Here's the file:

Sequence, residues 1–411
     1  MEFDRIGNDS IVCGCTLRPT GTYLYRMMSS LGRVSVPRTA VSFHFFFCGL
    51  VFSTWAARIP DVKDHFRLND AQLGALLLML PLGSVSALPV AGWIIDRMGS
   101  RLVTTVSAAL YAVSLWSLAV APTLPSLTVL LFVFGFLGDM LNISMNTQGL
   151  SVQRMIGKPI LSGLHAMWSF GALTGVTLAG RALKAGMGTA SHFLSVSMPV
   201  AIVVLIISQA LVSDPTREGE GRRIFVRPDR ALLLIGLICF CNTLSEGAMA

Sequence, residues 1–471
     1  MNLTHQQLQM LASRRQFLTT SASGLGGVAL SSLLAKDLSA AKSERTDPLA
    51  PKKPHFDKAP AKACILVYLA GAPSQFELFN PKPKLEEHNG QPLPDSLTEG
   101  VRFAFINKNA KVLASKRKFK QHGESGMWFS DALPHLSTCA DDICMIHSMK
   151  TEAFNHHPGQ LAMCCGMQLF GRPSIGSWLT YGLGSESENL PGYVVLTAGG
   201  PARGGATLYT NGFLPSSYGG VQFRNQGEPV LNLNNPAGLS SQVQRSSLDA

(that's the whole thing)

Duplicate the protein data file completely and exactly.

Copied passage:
Sequence, residues 1–411
     1  MEFDRIGNDS IVCGCTLRPT GTYLYRMMSS LGRVSVPRTA VSFHFFFCGL
    51  VFSTWAARIP DVKDHFRLND AQLGALLLML PLGSVSALPV AGWIIDRMGS
   101  RLVTTVSAAL YAVSLWSLAV APTLPSLTVL LFVFGFLGDM LNISMNTQGL
   151  SVQRMIGKPI LSGLHAMWSF GALTGVTLAG RALKAGMGTA SHFLSVSMPV
   201  AIVVLIISQA LVSDPTREGE GRRIFVRPDR ALLLIGLICF CNTLSEGAMA

Sequence, residues 1–471
     1  MNLTHQQLQM LASRRQFLTT SASGLGGVAL SSLLAKDLSA AKSERTDPLA
    51  PKKPHFDKAP AKACILVYLA GAPSQFELFN PKPKLEEHNG QPLPDSLTEG
   101  VRFAFINKNA KVLASKRKFK QHGESGMWFS DALPHLSTCA DDICMIHSMK
   151  TEAFNHHPGQ LAMCCGMQLF GRPSIGSWLT YGLGSESENL PGYVVLTAGG
   201  PARGGATLYT NGFLPSSYGG VQFRNQGEPV LNLNNPAGLS SQVQRSSLDA